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Intercropping soybeans may offer higher yields
A technique called modified relay intercropping of soybeans allows growers to capture 66% of the traditional growing season. At least, it did in Ohio.
Planting soybeans into wheat not only resulted in higher soybean yields but also offered a significant financial boost to growers compared to a traditional double-crop of soybeans, according to research from Ohio State University’s College of Food, Agricultural, and Environmental Sciences.
Ohio State University Extension field specialist Steve Prochaska says intercropping allows a second crop through interplanting of soybeans into wheat in late May or early June. According to the Ohio Agricultural Research and Development Center, modified relay of intercropped wheat can yield at least 90% of conventional wheat.
“In 14 years of research trials in north-central Ohio on the modified relay intercropping system, yields have averaged 76 bushels per acre for wheat and 28 bushels per acre for soybeans,” Prochaska said. “Wheat yields in favorable growing seasons have exceeded 90 bushels per acre, while soybeans have yielded well over 45 bushels per acre.”
According to the National Sustainable Agriculture Information Service, diversity is nature’s design. By producing a limited selection of crop plants and animals, humankind has greatly reduced the level of biological diversity over much of the earth. With the practice of intercropping, we are going back to our roots by realizing the benefits of diversity that comes from planting mixtures of different crops.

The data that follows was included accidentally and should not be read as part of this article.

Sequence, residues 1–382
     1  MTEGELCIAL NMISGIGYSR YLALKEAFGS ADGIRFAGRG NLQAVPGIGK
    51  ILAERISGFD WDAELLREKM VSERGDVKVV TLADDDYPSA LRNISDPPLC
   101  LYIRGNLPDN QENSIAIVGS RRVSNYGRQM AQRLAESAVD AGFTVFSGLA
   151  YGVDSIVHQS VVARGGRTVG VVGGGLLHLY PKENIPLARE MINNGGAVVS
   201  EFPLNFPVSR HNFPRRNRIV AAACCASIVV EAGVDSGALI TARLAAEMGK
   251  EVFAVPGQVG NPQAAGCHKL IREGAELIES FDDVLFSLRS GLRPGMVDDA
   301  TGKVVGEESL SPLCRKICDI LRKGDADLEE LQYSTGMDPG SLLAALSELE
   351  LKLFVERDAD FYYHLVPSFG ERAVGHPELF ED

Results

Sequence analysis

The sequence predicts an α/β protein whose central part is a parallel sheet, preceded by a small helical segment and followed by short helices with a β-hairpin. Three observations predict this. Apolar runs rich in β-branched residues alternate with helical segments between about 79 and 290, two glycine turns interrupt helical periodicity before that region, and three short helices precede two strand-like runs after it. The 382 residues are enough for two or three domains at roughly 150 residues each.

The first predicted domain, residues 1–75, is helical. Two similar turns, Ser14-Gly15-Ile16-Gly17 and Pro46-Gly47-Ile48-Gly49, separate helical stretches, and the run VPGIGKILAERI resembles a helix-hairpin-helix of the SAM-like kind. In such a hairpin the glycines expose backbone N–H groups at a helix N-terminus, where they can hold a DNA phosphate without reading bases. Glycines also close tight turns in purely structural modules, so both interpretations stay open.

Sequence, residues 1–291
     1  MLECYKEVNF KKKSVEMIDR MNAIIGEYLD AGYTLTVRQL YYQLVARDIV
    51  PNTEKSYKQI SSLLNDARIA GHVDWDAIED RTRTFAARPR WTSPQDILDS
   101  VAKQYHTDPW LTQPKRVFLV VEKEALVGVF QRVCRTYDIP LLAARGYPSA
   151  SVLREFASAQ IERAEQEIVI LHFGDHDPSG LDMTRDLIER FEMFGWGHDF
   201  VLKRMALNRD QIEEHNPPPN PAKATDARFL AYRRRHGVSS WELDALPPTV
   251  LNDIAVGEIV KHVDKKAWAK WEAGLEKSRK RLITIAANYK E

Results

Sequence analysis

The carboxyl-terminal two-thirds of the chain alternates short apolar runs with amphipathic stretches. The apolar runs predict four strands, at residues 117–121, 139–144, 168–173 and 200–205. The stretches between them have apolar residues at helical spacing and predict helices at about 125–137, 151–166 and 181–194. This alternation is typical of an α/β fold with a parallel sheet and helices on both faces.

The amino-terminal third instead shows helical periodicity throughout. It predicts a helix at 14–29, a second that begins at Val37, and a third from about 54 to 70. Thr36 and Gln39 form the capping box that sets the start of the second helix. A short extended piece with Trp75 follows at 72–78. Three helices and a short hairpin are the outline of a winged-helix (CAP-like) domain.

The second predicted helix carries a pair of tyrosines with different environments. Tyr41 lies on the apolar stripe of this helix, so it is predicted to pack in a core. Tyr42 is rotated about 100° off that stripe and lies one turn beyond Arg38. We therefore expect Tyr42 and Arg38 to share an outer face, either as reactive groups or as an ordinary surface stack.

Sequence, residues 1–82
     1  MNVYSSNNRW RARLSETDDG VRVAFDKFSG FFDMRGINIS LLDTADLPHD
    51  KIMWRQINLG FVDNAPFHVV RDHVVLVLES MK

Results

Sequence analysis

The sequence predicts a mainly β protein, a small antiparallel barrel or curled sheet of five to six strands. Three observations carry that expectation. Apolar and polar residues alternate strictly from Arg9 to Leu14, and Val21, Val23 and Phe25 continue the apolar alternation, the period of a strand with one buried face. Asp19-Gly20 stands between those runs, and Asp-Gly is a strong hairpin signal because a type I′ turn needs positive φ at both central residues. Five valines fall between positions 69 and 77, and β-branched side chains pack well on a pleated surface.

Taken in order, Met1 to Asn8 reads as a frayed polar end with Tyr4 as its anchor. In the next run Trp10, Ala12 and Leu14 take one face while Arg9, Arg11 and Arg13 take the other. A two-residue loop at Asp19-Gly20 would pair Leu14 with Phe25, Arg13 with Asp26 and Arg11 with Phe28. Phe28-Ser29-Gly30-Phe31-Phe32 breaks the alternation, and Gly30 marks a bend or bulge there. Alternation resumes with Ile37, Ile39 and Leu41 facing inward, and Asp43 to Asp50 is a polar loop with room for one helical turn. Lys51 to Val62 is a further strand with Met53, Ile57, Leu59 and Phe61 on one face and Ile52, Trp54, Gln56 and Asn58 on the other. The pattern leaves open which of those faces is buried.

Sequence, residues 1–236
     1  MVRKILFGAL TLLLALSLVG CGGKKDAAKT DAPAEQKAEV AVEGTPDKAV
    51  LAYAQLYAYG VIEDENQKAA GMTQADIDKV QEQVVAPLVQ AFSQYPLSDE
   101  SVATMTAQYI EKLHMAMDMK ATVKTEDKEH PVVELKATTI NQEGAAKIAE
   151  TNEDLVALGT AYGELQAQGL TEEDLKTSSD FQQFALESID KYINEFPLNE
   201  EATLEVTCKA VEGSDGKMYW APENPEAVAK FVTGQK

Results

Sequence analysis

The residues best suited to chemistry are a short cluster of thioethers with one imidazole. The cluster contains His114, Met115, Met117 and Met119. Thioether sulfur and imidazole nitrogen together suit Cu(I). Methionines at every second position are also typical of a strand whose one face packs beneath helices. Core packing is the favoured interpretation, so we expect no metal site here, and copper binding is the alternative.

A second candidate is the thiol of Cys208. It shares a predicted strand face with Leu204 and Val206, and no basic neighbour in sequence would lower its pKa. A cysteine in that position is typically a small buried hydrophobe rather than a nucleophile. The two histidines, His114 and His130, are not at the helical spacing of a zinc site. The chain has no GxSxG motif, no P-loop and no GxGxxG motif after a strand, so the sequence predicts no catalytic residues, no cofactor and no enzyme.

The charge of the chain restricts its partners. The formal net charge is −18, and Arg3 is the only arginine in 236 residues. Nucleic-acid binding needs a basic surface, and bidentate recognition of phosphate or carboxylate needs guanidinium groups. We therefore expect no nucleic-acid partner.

Tips to consider when intercropping soybeans into wheat include:
Wheat row-spacing modification to allow soybean planting equipment to pass without running down plants should be made in the fall. The optimal wheat row spacing for modified relay intercropping ranges from 10 to 20 inches. As wheat row spacing widens, wheat yields may decline, research has shown.
Various row configurations can be used to allow soybean planting equipment. Some wheat producers have slide row units to a 6-inch row spacing with a 14-inch planting strip for soybeans.
Producers can use corn or soybean planters to sow wheat using a 15-inch row configuration.
Row spacing data suggests that wheat is an adaptable plant that will yield well over various row spacings up to 15 inches.
Use a tramline to accommodate soybean planting and allow for better wheat management via fertilizer, herbicide, or fungicide applications. Generally, the tramline will be set up for the modified relay intercropping tractor tires.
Planter equipment tires can be moved if necessary to follow tractor tires.
Wheat culture for modified relay intercropping, outside of row spacing modification, should remain the same as for monoculture wheat.